My roommates used to rave about one of their professors — Dr. Adriene Christiensen — who taught a course on rhetoric in the political science department. She was a tough grader, but she taught them how to write. In my second semester, with encouragement from my roommates, I signed up for her course. I don’t know why, perhaps it was the fact that I admired Talha and Varun and I thought I couldn’t be like them, or maybe I had spent enough time at Macalester to realize everyone was smarter than me, but being in Dr. Christiensen’s class felt like being back in my first day of geography class in Norway. I understood what people were saying and I would come to class prepared, yet, somehow, whenever I spoke in class, a few seconds after I would launch into a sense, my jaw would start shaking. I was so conscious of my jaw that I would lose track of what I was trying to say. 

Then one day, I stopped by the professor’s office to ask a question about an upcoming paper. Before she answered it, she said that she had noticed a discrepancy between the quality of my writing and the confidence I displayed in class discussions. She took out a pink piece of paper and proceeded to write the word “FEAR” on it.

“Do you know what this stands for?”, she asked me while looking me straight in the eye. “False Emotion Appearing as Real.” 

Then she pulled out a CD which she listened to help her relax. “Do you know why I — a department chair, published author, respected scholar — have to listen to this to get through my day?”  I don’t know, I said, nervous to say the wrong thing. 

“I feel it, too,” she said. “We all do at some point. But it’s not real.” 

I went on to do well in the class and she had me present the research paper I wrote for her at an academic conference among graduate students. She sent me this picture a few years later. I don’t know what I’m doing with my mouth, but I promise you my jaw wasn’t shaking.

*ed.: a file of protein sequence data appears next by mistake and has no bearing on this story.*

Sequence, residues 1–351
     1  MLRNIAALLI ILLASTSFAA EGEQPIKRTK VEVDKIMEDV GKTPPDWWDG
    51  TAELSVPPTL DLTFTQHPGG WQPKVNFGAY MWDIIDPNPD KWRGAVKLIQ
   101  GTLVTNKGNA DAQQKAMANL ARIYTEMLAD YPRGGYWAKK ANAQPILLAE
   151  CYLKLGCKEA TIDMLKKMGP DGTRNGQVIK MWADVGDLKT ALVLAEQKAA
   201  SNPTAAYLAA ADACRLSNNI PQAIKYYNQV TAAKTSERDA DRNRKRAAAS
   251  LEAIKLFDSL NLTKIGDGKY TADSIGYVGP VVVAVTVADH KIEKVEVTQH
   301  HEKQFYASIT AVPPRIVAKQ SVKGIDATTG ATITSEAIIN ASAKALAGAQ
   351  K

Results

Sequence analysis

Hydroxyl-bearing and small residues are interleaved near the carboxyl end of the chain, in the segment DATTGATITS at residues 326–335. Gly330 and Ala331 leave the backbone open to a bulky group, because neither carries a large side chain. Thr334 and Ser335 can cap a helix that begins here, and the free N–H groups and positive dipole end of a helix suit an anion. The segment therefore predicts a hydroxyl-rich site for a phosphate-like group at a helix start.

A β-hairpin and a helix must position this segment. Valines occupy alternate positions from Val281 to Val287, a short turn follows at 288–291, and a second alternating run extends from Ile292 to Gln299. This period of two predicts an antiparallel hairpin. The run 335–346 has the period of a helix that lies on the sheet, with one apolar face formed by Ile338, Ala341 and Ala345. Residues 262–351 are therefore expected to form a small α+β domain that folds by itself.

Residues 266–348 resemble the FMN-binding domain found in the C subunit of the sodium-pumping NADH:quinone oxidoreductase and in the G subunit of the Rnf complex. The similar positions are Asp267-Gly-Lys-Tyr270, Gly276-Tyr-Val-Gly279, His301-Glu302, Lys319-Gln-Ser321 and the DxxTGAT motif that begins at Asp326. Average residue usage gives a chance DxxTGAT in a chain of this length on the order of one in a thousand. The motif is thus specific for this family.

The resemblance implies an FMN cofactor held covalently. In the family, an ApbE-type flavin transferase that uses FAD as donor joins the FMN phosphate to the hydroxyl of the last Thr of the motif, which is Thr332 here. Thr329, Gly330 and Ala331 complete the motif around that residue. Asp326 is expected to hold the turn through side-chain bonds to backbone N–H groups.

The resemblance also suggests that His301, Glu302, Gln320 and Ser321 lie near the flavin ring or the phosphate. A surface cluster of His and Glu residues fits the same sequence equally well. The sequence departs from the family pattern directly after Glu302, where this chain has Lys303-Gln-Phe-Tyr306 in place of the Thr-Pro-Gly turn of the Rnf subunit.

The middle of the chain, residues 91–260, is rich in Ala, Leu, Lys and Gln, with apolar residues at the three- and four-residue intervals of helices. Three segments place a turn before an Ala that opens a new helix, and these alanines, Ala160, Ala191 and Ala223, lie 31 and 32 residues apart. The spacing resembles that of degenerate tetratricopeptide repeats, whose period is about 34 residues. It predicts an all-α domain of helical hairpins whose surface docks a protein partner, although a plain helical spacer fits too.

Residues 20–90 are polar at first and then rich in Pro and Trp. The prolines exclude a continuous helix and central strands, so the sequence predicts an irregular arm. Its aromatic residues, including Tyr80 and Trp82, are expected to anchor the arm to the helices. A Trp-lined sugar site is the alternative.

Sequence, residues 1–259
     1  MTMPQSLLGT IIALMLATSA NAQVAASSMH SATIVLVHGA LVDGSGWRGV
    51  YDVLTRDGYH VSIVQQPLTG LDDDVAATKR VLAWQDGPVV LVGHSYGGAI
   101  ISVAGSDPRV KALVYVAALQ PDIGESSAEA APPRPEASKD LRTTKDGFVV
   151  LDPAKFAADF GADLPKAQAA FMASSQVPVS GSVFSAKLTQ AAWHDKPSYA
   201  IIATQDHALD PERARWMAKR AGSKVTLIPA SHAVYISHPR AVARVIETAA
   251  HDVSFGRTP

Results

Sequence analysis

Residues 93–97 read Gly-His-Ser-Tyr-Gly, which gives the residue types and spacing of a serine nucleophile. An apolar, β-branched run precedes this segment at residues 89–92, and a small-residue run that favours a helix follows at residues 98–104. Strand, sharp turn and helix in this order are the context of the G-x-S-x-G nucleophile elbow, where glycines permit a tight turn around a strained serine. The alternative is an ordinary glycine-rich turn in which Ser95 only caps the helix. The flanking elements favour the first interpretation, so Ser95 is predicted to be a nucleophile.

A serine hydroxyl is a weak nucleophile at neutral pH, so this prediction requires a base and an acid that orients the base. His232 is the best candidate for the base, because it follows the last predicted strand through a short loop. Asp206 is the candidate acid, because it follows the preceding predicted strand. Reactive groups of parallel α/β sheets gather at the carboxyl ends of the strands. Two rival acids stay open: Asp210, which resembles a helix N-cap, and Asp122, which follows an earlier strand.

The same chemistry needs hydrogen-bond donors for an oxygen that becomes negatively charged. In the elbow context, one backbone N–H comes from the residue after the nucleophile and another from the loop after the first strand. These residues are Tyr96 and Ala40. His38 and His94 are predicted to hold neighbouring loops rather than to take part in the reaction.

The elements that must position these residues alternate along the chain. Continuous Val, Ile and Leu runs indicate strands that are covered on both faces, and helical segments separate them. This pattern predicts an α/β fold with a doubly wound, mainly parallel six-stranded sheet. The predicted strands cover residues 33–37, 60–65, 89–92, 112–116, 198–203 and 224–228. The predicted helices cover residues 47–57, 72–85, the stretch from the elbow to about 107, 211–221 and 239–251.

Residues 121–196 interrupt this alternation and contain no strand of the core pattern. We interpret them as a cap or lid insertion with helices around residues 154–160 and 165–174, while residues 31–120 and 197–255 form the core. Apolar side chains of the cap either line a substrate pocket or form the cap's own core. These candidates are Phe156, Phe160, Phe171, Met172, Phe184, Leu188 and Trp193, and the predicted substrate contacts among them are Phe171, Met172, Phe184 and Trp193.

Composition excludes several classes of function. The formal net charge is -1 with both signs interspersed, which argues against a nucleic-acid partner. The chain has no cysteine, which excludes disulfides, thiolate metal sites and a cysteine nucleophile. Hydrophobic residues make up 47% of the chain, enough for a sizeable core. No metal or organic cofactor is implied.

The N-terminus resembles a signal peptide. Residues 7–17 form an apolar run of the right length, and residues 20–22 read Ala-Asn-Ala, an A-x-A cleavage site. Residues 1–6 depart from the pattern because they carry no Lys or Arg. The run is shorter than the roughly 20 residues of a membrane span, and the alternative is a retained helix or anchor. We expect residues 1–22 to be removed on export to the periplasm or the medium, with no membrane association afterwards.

A few years later, I found myself playing the role of Dr. Christiensen. Lucy Hoffman was the first student that I ever advised in the global thesis program at the first symposium the school hosted back in 2010. Mr. Abel reminded me that before her presentation, she said she felt like she was going to throw up. I admire her and all the students who present at the symposium so much. I really do. Most of you will have no problem standing in front of the audience to give your presentations. You have an environment here in which you get to make announcements, speak at the Harkness table, and speak in public at various points of your academic experience here.  You will have no problem doing this.  But a few of you may feel like Lucy did. I coached her up to the very last minute and knew how nervous she was before the did a beautiful job at the symposium. It was incredibly gratifying for me to help Lucy overcome her fears. I can’t recall telling her about Dr. Christiansen, but I do remember sharing that story in this venue a few years later. 

Looking back, I can’t say that I never felt afraid of public speaking again and that I managed to suppress that emotion. The feeling is still there. The more I try to suppress it, the less I succeed at doing so. Dr. Christiensen was wrong: the emotion is very real and I feel it in my body. I feel my heart racing, my mouth dries up, my jaw shakes, my hands sweat.  It’s a product of evolution, a survival mechanism that prepares our bodies for danger. When it comes to fear of public speaking, the emotion is real but the danger is not. Do you know what happens if you mess up in a speech?  Nothing. That’s what happens.  So, whenever I’m in this situation, I simply stand and wait for the emotion to pass.  

I feel grateful to my parents, friends, teachers, and students, who give me the strength to stare at this ugly monster — the thing I’m afraid of — in the face and be able to say, you’re not that scary, you’re not even real. In fact, you look a lot like cerdito who is dying to dance che che kule.